A couple of years ago I decided that I’d try to read through the works of historian David McCullough (a project that continues). I eventually came to Brave Companions, a book that offers “Portraits in History”—brief glimpses of people and incidents that helped make America what she is today. One of the chapters deals with “The American Adventure of Louis Agassiz.” Agassiz was a French zoologist and geologist who settled in the United States in the mid nineteenth century. He began a distinguished career as a professor at Harvard. He revolutionized the way this field was taught, focusing far more on observation than rote learning. Agassiz utterly rejected Darwinism, believing to his dying day that to study nature was to study the works of God. He worked tirelessly to see a zoological museum built at Harvard and when it was finally opened in 1860, Harvard’s President declared it was appropriate that the museum stood face-to-face with the theological school, “God’s word and God’s works mutually illustrating each other.” Now I posted this about a year ago, I believe, but was reflecting on it again recently and felt it would be worth sharing again. It is, I think, a very powerful illustration.
Here is how McCullough describes the Agassiz teaching style.
Most unorthodox of all, and crucial as time would tell, was his manner of teaching. He intended, he said, to teach students to see—to observe and compare—and he intended to put the burden of study on them. Probably he never said what he is best known for, “Study nature, not books,” or not in those exact words. But such certainly was the essence of his creed, and for his students the idea was firmly planted by what they would afterward refer to as “the incident of the fish.”
His initial interview at an end, Agassiz would ask the student when he would like to begin. If the answer was now, the student was immediately presented with a dead fish—usually a very long dead, pickled, evil-smelling specimen—personally selected by “the master” from one of the wide-mouthed jars that lined his shelves. The fish was placed before the student in a tin pan. He was to look at the fish, the student was told, whereupon Agassiz would leave, not to return until later in the day, if at all.
Samuel Scudder, one of the many from the school who would go on to do important work of their own (his in entomology), described the experience as one of life’s turning points.
In ten minutes I had seen all that could be seen in that fish. … Half an hour passed—an hour—another hour; the fish began to look loathsome. I turned it over and around; looked it in the face—ghastly; from behind, beneath, above, sideways, at three-quarters view—just as ghastly. I was in despair.
I might not use a magnifying glass; instruments of all kinds were interdicted. My two hands, my two eyes, and the fish: it seemed a most limited field. I pushed my finger down its throat to feel how sharp the teeth were. I began to count the scales in the different rows, until I was convinced that that was nonsense. At last a happy thought struck me—I would draw the fish, and now with surprise I began to discover new features in the creature.
When Agassiz returned later and listened to Scudder recount what he had observed, his only comment was that the young man must look again.
I was piqued; I was mortified. Still more of that wretched fish! But now I set myself to my task with a will, and discovered one new thing after another. … The afternoon passed quickly; and when, towards its close, the professor inquired: “Do you see it yet?”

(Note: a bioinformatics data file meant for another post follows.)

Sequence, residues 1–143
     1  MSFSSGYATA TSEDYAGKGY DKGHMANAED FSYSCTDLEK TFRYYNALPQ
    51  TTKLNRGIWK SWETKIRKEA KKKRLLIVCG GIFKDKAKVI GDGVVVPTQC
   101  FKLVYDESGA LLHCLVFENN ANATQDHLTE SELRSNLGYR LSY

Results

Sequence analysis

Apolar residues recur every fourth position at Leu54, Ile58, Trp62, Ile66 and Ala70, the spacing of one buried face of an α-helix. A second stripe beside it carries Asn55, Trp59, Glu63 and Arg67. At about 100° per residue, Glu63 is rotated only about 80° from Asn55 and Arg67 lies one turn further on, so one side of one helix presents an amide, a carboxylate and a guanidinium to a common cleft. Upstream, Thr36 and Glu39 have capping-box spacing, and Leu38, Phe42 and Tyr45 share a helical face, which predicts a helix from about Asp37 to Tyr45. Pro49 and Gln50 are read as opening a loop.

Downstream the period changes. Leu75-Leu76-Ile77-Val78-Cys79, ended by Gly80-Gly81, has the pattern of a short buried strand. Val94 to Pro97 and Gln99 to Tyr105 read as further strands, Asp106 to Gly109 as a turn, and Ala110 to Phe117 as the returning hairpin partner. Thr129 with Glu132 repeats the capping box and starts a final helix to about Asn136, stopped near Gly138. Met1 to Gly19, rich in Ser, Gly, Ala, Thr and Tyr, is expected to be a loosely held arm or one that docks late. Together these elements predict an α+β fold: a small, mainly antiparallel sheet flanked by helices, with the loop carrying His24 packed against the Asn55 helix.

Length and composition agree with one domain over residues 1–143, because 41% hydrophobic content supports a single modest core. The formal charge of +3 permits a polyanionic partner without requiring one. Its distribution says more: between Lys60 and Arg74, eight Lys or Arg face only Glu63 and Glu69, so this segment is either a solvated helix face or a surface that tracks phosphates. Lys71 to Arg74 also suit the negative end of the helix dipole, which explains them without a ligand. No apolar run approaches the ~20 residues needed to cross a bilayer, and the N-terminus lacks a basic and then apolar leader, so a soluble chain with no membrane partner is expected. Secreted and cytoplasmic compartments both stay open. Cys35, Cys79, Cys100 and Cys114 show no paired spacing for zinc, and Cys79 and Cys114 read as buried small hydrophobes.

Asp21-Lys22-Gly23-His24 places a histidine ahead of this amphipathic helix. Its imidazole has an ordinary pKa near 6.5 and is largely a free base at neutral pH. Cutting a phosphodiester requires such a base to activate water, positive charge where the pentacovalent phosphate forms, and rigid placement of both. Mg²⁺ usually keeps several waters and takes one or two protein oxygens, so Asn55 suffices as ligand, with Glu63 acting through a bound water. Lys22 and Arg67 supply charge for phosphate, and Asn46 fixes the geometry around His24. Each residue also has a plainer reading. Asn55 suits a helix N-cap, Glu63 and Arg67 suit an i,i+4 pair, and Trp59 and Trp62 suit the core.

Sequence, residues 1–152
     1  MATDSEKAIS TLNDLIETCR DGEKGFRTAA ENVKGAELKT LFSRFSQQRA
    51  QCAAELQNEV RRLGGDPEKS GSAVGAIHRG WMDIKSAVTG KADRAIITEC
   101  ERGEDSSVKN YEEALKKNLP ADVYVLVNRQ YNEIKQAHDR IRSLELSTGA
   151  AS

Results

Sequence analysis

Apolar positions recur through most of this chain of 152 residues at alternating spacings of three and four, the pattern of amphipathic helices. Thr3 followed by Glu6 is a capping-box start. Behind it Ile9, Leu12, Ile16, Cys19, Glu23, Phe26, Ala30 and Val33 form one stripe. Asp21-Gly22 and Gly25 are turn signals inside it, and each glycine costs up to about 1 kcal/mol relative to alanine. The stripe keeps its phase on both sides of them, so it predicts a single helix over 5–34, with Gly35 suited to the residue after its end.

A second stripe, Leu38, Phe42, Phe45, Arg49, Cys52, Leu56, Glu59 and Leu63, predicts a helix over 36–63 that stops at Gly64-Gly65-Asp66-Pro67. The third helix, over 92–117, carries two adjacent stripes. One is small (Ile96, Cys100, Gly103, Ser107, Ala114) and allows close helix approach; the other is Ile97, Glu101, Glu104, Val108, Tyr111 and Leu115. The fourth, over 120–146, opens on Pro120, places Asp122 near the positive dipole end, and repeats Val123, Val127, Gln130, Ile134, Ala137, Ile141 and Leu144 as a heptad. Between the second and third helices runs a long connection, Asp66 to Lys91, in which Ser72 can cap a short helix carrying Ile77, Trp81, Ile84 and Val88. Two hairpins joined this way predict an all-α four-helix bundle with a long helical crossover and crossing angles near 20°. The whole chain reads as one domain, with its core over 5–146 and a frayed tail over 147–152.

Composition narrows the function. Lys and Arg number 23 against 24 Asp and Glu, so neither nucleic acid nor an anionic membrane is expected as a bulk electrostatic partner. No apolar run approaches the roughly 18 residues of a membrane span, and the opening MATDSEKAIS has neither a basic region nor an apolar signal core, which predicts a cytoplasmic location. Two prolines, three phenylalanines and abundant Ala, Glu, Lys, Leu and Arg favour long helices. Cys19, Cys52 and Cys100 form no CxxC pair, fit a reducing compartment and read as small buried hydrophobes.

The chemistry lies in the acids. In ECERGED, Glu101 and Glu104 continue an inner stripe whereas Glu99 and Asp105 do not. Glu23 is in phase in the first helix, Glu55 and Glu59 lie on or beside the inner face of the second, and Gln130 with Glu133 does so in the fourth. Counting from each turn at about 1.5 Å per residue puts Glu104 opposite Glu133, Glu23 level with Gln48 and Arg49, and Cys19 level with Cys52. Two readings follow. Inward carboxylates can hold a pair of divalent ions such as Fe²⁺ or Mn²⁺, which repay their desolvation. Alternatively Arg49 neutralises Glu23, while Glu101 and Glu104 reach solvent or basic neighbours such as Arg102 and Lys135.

“No,” I replied, “I am certain I do not, but I see how little I saw before.”
The day following, having thought of the fish through most of the night, Scudder had a brainstorm. The fish, he announced to Agassiz, had symmetrical sides with paired organs.
“Of course, of course!” Agassiz said, obviously pleased. Scudder asked what he might do next, and Agassiz replied, “Oh, look at your fish!”
In Scudder’s case the lesson lasted a full three days. “Look, look, look” was the repeated injunction and the best lesson he ever had, Scudder recalled, “a legacy the professor has left to me, as he has left it to many others, of inestimable value, which we could not buy, with which we cannot part.”
The incident of the fish marked the end of the student’s novitiate. At once Agassiz became more communicative, his manner that of a friend or colleague, now that the real work could begin.
The way to all learning, “the backbone of education,” was to know something well. “A smattering of everything is worth little,” he would insist in the heavy French accent that he was never to lose. “Facts are stupid things, until brought into conjunction with some general law.” It was a great and common fallacy to suppose that an encyclopedic mind is desirable. The mind was made strong not through much learning but by “the thorough possession of something.” In other words, “Look at your fish.”
There were so many lessons I drew from this as I thought of my own attempts to understand God through His Word. The parallels are uncanny (but for the injunction to “study nature, not books.”) Lately, in my times of personal devotion, I’ve been studying the Minor Prophets. Admittedly I am going more for an overview than for an in-depth study, but even as I’ve been doing this, I’ve been craving some deeper study. The primary lesson for me in the Agassiz teaching style is this: like Scudder I tend to consider myself ready to move on too quickly. I move quickly from the Bible to resources that help explain them to me. I skim the Bible and then turn to commentaries and sermons to do the hard work for me. I skim the Bible and then study the supplementary material. But all the while I know I would be better off if I would just heed Agassiz and “look at your fish.”